It isn’t clear which emails the various parties might have been discussing here. There are, after all, the hacked emails of the Democratic National Committee, which first became public on June 14, 2016 though the breach had occurred more than a year prior. There are the hacked emails of Clinton campaign chairman John Podesta, abreach the occurred on March 19, 2016 but did not become public until October 9, 2016. And there are also the purported 30,000 emails from Hillary Clinton’s time at the State Department, a matter stretching back to 2015, which may not have ever been hacked but which Trump campaign folks clearly believed had been. There is also possibly some other category of alleged emails that wasn’t a matter of public discussion. But it’s clear that Trump campaign officials were after emails and, well, let’s just say they didn’t go to the FBI when they found themselves in conversations with Russian officials about them.

The stipulation also contains some rather damaging information about President Trump himself. Papadopoulos says he attended a “national security” meeting on March 31, 2016 with Trump personally in attendance, along with his other foreign policy advisors. In that meeting, Papadopoulos told the group that he had connections to arrange a meeting between Trump and President Putin. This means that Trump either knew or should have known about his campaign’s effort to interface with Russia, even as news of various criminal hacking and attempts to interfere with the US election were becoming public.

The Manafort-Gates indictment is, in a different way, also dramatic. The amount of money allegedly at issue in breathtaking. According to paragraph 6 of the indictment, “more than $75,000,000 flowed through the offshore accounts” that Manafort and Gates controlled. Eighteen million of these dollars are specifically alleged to have been laundered. This money laundering “to hide Ukraine payments from United States authorities” allegedly took place through the entire period of Manafort’s service in the Trump campaign.

Manafort’s alleged unregistered foreign agency on behalf of Ukraine and its Party of Regions, by contrast, allegedly ended in 2014, when then-Ukrainian President Victor Yanukovych was ousted. So President Trump can at least claim that his campaign manager is not under indictment for being an unregistered foreign agent at the time he was running Trump’s campaign.

But that’s about the only good news in the indictment for the President. Because Manafort is alleged to have lied about his foreign agent status and made false statements into this year. In other words, at the same time as Papadopoulos admits he was working Russian government officials for Clinton emails and for a Trump-Putin meeting, Manafort was allegedly still laundering the money he had obtained by illegally representing one of Putin’s allied strongmen.

In the wake of the document releases, Trump naturally took to Twitter to dismiss it all.

We offer no prediction as to how this will play politically or whether such antics will carry any water with Republicans who must be feeling a little uneasy today.

We will say this: Mueller’s opening bid is a remarkable show of strength. He has a cooperating witness from inside the campaign’s interactions with the Russians. And he is alleging not mere technical infractions of law but astonishing criminality on the part of Trump’s campaign manager, a man who also attended the Trump Tower meeting.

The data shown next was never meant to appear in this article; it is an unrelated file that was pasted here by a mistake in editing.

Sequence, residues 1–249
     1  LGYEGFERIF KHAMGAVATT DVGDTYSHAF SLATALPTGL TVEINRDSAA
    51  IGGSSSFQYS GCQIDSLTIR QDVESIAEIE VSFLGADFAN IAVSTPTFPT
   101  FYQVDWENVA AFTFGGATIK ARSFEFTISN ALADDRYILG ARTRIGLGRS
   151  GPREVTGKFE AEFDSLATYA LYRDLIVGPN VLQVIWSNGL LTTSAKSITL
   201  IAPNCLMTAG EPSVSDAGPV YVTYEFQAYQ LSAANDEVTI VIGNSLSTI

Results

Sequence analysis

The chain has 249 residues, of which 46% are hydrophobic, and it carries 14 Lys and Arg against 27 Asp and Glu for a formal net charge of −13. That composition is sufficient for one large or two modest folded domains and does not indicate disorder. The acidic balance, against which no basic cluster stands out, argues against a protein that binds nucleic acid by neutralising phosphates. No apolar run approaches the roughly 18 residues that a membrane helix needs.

Any hope the White House may have had that the Mueller investigation might be fading away vanished this morning. Things are only going to get worse from here. 


3 comments on “The Mueller Indictment: ‘As Opening Salvos Go, It’s A Doozy’

  1. This is a great article — thanks!

  2. Political prosecution according to the this billionaire hedge fund manager of the year.

    Whatever, it has the potential to be very destructive for the already very shaky long-term outlook for the US economy. Morons committing economic suicide. We don’t care; we just make money off it… bye-bye USA.

    • He appears to have a lot in common with Manafort

      Criminal conviction[edit]
      In 1999, Japanese fraud investigators accused Armstrong of collecting money from Japanese investors, improperly commingling these funds with funds from other investors, and using the fresh money to cover losses he had incurred while trading.[9] US prosecutors called it a $3 billion Ponzi scheme.[10] Allegedly assisting Armstrong in his scheme was the Republic New York Corporation, which produced false account statements to reassure Armstrong’s investors. In 2001, the bank agreed to pay US$606 million as restitution for its part in the scandal.[10]
      Armstrong was indicted in 1999, and was ordered by Judge Richard Owen to turn over $15 million in gold bars and antiquities bought with the fund’s money; the list included bronze helmets and a bust of Julius Caesar.[11][12] Armstrong produced some of the items, but claimed the others were not in his possession; this led to several contempt of court charges.[13] Armstrong was jailed for seven years under contempt of court, until Armstrong reached a plea agreement with federal prosecutors.[14] Armstrong admitted to deceiving corporate investors and improperly commingling client funds in a case that prosecutors said resulted in commodities losses of more than $700 million.[15] Armstrong was then sentenced to five years in prison.[11] He was released from Federal custody on September 2, 2011, after serving a total of 11 years in jail.[16][17]